Skateboarding does not cause arthritis if done cautiously and not to extremes. Even among the sporting activity or the sports that could cause arthritis, skateboarding is not a priority.
Skateboarding can be fun and thrilling and it’s the reason children and adults alike love it.
However, it can sometimes cause serious foot and ankle injuries. When going skateboarding, it is advisable to use caution and wear protective gear to avoid these injuries, which range from minor bruises to open wounds to sprains and fractures. Post-traumatic arthritis, which is a condition where joints get destabilized, can occur as a result of injury and wear and tear from sports. However, sports can cause such conditions as sprains and knee injuries. Other conditions that could occur in sports and which could trigger arthritis are cartilage tears, fractures and dislocations.
Ligament injuries that damage the cartilage, fractures on bones that support joint cartilages, dislocations that injure the cartilages on the knee and direct injuries on the cartilages will cause arthritis.
Injuries on your muscles can occur because of the high impact caused when landing and during jumps and tricks in skateboarding although these are rare. Strain causing repetitive and forceful motions during skateboarding should also be avoided because they can cause heels and foot to pain. They can also cause plantar fasciitis, bone spurs, and Achilles tendonitis. The problem with forcing these motions and tricks that hurt is you will have to miss skateboarding for long as you undergo intensive therapies that take long to deal with these conditions.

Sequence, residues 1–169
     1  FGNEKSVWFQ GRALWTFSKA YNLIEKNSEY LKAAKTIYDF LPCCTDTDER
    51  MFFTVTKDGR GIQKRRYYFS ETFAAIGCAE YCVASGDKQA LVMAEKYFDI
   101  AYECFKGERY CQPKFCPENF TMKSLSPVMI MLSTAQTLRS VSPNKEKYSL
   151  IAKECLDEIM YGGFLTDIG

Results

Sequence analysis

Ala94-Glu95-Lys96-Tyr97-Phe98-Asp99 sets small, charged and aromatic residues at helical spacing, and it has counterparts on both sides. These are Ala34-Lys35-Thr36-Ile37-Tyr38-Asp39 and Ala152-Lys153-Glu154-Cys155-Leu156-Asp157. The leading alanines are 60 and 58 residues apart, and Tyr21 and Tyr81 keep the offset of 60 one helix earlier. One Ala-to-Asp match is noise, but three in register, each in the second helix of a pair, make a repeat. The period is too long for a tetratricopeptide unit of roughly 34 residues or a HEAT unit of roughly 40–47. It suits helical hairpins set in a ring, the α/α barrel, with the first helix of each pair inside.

Some people living with arthritis, because of the fatigue, pain, and stiffness, are scared that any physical exercise will damage their joints or worsen arthritis. The truth is that a good exercise routine can help arthritis. It helps manage your pain better, in addition to delivering the common benefits of exercising such as weight loss, increasing energy level and making you active, again.
Consider that gaining a lot of weight due to inactivity over time will put unnecessary pressure on your knees than would exercise.